28 March 2007
Heavy sentence sought on appeal in defamation case against two journalists
(RSF/IFEX) - Reporters Without Borders is dismayed by the heavy sentence sought on appeal against Ali Fodil and Naïla Berrahal, respectively managing editor and journalist on the Arabic-language daily "Ech-Chourouk", for allegedly defaming Libyan President Muammar Gaddafi.
On 21 March 2007, the prosecutor at the Algiers appeal court called for a one-year prison sentence and a 500,000 dinar (approx. 5,300 euros) fine against the two journalists along with a one-year ban on the newspaper.
The libel suit against the two journalists was taken out in the name of the Libyan leader at the start of October 2006 by the Libyan representative in Algiers. It cited two articles, carried by the newspaper in August which referred to tensions in the region having been raised by Gaddafi's involvement in discussions with the Tuareg community in Algeria.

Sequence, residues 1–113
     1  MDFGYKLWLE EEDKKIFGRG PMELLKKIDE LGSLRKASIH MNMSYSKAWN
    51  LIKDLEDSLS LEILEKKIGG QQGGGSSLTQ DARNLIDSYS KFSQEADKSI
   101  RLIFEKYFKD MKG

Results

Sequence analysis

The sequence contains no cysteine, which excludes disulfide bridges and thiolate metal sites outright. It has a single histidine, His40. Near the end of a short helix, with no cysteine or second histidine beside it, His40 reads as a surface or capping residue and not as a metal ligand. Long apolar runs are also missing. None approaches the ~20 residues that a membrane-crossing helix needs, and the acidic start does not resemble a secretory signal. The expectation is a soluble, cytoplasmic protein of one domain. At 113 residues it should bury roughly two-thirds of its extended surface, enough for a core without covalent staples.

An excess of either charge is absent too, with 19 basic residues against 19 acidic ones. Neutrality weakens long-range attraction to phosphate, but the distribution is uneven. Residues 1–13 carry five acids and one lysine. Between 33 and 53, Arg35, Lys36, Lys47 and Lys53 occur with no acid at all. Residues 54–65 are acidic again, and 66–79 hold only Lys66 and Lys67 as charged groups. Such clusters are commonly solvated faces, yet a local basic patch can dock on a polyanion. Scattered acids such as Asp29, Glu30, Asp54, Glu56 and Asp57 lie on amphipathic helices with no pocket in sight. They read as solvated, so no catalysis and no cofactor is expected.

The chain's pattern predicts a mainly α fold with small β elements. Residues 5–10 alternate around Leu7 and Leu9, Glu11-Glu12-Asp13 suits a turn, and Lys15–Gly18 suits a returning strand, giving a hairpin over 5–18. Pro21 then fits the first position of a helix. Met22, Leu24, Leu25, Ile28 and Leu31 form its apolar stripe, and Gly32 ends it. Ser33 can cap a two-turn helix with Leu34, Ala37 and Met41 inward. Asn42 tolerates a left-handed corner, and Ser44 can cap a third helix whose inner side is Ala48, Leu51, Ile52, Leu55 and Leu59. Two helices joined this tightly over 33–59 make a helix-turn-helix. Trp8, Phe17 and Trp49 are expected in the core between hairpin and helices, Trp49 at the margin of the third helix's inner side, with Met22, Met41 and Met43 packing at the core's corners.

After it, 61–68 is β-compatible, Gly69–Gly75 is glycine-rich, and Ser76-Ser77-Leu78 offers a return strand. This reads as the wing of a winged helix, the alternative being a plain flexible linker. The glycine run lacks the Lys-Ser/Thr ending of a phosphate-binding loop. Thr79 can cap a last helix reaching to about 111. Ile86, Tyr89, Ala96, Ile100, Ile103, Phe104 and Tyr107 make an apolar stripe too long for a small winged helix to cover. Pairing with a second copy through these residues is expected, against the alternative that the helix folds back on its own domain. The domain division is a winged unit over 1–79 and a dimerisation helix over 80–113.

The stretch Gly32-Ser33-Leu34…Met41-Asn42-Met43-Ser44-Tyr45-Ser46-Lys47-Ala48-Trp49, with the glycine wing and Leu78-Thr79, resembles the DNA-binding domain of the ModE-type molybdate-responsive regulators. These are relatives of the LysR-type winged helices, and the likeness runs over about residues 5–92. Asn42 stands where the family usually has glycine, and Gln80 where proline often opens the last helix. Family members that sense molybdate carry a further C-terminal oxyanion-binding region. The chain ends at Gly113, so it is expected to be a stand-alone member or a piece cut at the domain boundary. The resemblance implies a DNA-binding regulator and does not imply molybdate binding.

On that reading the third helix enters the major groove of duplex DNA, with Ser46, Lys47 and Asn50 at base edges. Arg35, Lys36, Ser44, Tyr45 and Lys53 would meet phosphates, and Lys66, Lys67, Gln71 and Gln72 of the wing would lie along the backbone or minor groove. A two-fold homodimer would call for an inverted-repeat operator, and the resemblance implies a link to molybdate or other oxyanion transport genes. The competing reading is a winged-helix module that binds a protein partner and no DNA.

The Libyan leader challenged the truth of the articles, which he said had personally "damaged" him, the Libyan state and the security of both Algeria and Libya.
A lower court in Hussein-Dey, an Algiers suburb, sentenced the journalists on 31 October 2006 to six months in prison, fines of 20,000 dinars (220 euros) and 500,000 dinars in damages. The judge based the sentence on Article 144a of the criminal code relating to defamation of a head of state, an offence punishable by 12 months in prison. The court also ordered a two-month closure of the daily.
Ali Fodil and Naïla Berrahal appealed against the sentence, which their lawyer, Khaled Bergheul, described as "very harsh in relation to the facts". Sentence was adjourned, allowing the journalists to remain free while awaiting the appeal. The court in Algiers is due to hand down its sentence on 4 April.
"Algerian journalists work without protection. The terms of the press law, which the authorities refuse to amend, are vague and capable of being interpreted according to the decision of individual judges," the worldwide press freedom organisation said. "Journalists are not treated fairly by the courts, which continue to serve the interests of the government," it concluded.